How Sweden is run
There are three different levels of government in Sweden: the national parliament (Riksdag) which has 349 seats, the 20 county councils (landsting), and 290 municipal assemblies (kommunfullmäktige). These three levels don't form a hierarchy but rather each has its own areas of responsibility.
Sweden holds elections for each of these three bodies every four years, always on the second Sunday in September. In 2018, that means the election falls on September 9th.
Since the 2014 elections, Sweden has been led by a minority government made up of Prime Minister Stefan Löfven's Social Democrats (S) and the Green Party (MP), whose spokesperson Isabella Lövin is deputy prime minister.
For eight years before that, the country was governed by the centre-right Alliance, made up of the Moderate Party (M), the Liberal Party (L), the Centre Party (C), and the Christian Democrats (KD).
The seventh and eighth parties represented in parliament are the Sweden Democrats (SD) and the Left Party (V).
Who can vote?
To vote in Riksdag (parliamentary) elections, you must be a Swedish citizen and aged over 18 on the day of the election.
Non-Swedish citizens can vote in county and municipal elections if they are citizens of an EU country, Iceland or Norway. Citizens of other countries also get the right to vote in these elections if they have been registered as a permanent resident in Sweden for three consecutive years before the vote.
Meanwhile, Swedish citizens living abroad can also vote in parliamentary elections; they get this right automatically for their first ten years abroad and after that need to apply to the Swedish Tax Agency (Skatteverket) every ten years to remain on the electoral register. Swedes who are temporarily abroad over the date of the election can vote by post, in an embassy, or by proxy.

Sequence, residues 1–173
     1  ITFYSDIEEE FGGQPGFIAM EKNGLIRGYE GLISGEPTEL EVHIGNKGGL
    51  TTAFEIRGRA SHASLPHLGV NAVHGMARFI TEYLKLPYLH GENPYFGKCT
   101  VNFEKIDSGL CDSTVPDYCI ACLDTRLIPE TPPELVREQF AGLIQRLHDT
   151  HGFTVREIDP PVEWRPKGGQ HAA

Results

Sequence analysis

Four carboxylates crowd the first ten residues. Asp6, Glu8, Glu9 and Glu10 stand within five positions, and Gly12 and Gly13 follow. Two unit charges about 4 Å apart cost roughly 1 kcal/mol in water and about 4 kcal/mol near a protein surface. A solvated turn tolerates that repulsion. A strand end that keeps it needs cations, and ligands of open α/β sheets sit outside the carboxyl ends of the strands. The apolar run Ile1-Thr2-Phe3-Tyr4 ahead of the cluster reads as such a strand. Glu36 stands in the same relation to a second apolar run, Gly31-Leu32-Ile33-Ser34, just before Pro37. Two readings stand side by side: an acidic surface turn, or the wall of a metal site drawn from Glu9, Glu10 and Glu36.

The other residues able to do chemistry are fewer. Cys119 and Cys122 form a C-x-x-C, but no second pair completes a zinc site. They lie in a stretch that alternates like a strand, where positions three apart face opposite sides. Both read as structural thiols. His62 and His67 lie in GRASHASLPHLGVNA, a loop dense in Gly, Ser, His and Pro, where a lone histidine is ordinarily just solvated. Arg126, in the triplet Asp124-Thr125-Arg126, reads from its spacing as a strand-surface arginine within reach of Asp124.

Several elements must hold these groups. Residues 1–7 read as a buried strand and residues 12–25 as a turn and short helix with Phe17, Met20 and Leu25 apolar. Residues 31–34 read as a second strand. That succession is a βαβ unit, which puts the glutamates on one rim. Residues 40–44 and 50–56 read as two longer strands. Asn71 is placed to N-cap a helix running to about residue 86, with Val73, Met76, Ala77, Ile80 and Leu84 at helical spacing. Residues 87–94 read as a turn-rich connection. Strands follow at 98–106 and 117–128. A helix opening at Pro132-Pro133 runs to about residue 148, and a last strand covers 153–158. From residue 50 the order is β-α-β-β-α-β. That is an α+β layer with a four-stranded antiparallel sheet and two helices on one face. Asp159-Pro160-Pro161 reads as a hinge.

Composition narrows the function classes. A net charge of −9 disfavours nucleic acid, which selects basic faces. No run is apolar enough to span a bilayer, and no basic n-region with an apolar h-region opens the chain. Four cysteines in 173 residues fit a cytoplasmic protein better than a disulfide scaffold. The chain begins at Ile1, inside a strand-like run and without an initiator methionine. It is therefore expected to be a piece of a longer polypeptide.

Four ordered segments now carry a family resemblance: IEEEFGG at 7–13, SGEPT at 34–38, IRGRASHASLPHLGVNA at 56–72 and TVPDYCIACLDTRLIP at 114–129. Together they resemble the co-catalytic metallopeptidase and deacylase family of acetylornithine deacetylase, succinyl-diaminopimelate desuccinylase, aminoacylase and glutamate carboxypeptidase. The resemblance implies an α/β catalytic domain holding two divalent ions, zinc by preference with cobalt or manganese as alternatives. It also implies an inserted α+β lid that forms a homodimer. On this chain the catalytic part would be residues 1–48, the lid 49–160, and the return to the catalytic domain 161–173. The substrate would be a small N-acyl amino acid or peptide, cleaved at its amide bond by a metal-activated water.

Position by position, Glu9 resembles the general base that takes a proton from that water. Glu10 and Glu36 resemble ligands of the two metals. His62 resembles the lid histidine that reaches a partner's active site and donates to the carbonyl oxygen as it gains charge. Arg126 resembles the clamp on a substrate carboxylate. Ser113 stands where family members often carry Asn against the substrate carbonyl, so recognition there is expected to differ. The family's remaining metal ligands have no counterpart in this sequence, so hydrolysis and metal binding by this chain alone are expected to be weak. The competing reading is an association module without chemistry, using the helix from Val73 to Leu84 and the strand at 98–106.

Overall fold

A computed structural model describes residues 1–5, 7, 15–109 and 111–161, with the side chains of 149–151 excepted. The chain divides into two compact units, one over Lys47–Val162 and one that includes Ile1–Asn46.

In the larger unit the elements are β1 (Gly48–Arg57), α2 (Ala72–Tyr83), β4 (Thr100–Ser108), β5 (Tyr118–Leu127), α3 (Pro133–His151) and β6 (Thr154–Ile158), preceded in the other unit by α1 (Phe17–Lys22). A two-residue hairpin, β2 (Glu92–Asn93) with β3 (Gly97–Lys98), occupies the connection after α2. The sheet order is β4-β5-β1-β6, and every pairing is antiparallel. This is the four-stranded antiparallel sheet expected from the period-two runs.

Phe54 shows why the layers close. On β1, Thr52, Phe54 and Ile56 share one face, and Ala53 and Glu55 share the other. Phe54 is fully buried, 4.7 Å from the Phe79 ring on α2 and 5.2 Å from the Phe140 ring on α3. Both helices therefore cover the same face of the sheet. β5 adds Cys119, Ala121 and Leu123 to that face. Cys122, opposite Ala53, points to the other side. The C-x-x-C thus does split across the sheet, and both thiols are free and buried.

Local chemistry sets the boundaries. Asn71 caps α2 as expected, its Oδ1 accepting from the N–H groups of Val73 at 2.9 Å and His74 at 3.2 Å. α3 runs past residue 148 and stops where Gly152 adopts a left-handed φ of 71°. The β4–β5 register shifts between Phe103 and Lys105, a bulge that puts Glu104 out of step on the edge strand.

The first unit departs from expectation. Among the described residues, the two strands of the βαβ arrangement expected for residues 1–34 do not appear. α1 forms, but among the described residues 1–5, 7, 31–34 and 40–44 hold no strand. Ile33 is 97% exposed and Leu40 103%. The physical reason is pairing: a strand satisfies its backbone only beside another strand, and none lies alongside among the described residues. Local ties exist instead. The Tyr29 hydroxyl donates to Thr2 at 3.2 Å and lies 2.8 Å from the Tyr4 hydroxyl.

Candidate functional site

People casting their votes in Sweden. Photo: Dan Hansson/SvD/SCANPIX
Around 7.3 million people will be eligible to vote in this year's parliamentary election, according to preliminary figures from Statistics Sweden in September. This is up by 98,000 on the 2014 figure, though a drop is expected in the number of first-time voters and those aged between 18 and 24.
More foreign citizens are eligible to vote in municipal elections, with around 580,000 predicted to cast their ballots. That represents 7.4 percent of the total number of voters in municipal elections.
Sweden has a high voter turnout, with around 86 percent of the eligible population voting in the 2014 election.
How do I vote?
In the weeks leading up to the election, voting cards are sent out to all eligible voters from the Election Authority, also known as Valmyndigheten. These are sent to the address you are registered at with Skatteverket, so it's important to make sure your personal details are up to date.
This letter will also include information about the location and opening time of your nearest polling station on election day. These are municipal buildings, usually schools or libraries. In some locations, it's possible to cast your vote in advance, starting 18 days before the day of the election; if you do this, you can use any advance polling station, but if you vote on the day, you must go to your designated location.